ACROSS THE WAY VI

“Really, Mr. Barker,” she replied, after a few moments of reflection, “I don’t see how it is possible for me to carry out Mrs. Barker’s wishes. To let the children come half an hour later and go home half an hour earlier than the rest would interfere with the proper conduct of the school. I will do my best to have the ventilation satisfactory, and perhaps I can manage to provide some hot milk for the second one, as her mother desires; but in the matter of the hours, I do not see how I can accommodate Mrs. Barker. To make such an exception would be entirely contrary to my principles.”

Horace Barker smiled inwardly at the suggestion that a school-mistress could have principles which an influential parent might not violate.

“When I say to you that it is Mrs. Barker’s particular desire that her preferences regarding hours should be observed, I am sure that you will interpose no further objection.”

Elizabeth gave a strange little laugh, and her eyes, which were still her most salient feature, snapped noticeably. “It is quite out of the question, Mr. Barker,” she said with decision. “Much as I should like to have your little girls, I cannot consent to break my rules on their account.”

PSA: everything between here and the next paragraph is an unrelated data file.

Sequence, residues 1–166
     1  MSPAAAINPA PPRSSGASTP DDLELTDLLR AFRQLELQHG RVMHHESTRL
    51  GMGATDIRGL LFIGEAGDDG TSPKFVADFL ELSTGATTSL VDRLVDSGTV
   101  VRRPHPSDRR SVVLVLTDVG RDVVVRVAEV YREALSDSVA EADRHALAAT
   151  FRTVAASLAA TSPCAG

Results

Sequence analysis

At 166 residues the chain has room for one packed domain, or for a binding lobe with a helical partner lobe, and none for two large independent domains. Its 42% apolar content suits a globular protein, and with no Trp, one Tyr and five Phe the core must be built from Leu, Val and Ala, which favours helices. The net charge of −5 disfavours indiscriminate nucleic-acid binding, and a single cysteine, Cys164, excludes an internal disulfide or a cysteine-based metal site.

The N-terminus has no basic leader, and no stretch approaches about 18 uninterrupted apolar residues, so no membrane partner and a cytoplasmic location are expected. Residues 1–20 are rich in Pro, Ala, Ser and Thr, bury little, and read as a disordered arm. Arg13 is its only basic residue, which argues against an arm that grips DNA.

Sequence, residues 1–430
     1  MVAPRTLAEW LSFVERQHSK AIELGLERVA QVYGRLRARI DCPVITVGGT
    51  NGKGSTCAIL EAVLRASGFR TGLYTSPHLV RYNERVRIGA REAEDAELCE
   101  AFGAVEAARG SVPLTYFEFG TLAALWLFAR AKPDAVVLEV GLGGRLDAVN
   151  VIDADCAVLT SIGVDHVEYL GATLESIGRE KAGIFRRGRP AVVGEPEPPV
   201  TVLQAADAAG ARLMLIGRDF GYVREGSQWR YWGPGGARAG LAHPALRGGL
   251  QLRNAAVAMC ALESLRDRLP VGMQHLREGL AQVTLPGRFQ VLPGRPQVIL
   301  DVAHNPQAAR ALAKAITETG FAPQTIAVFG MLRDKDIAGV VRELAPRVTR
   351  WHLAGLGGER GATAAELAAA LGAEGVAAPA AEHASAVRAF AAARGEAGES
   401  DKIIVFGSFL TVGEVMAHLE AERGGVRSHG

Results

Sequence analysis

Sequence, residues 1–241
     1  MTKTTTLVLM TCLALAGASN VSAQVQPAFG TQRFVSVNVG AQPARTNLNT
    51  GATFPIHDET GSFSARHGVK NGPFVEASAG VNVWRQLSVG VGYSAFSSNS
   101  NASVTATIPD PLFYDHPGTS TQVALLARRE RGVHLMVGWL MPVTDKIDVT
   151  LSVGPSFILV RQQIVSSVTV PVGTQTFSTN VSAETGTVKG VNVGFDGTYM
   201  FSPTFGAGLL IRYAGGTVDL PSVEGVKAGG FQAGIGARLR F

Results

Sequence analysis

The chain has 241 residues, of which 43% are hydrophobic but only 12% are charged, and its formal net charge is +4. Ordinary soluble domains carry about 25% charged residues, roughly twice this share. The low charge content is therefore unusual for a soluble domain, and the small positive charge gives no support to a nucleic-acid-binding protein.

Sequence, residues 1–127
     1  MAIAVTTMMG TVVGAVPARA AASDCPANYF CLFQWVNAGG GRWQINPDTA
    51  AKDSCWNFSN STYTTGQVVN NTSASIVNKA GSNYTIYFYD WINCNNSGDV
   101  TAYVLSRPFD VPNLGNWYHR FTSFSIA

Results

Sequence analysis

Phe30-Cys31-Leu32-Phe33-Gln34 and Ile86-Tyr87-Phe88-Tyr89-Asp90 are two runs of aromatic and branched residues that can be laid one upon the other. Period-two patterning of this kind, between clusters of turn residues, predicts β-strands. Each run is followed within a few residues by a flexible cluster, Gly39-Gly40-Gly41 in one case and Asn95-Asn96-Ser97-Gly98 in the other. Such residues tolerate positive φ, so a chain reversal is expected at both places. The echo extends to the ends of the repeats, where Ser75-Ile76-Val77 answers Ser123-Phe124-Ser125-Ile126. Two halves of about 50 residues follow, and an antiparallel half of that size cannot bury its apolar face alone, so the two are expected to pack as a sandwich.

“Mrs. Barker would be very sorry to be compelled to send her children elsewhere,” he said solemnly, with the air of one who utters a dire threat.

“I should be glad to teach your little girls upon the same terms as I do my other pupils,” said Elizabeth, quietly. “But if my regulations are unsatisfactory, you had better send them elsewhere.”

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Horace Barker was a man who prided himself on his deportment. He would no more have condescended to express himself with irate impetuosity than he would have permitted his closely cropped beard to exceed the limits which he imposed upon it. He simply bowed stiffly, and turning to the Misses Barker, who, under the supervision of a nurse, whom they had been taught to address by her patronymic Thompson instead of by her Christian name Bridget, had been open-mouthed listeners to the dialogue, said, “Come, children…” by: Robert Grant (1852-1940)

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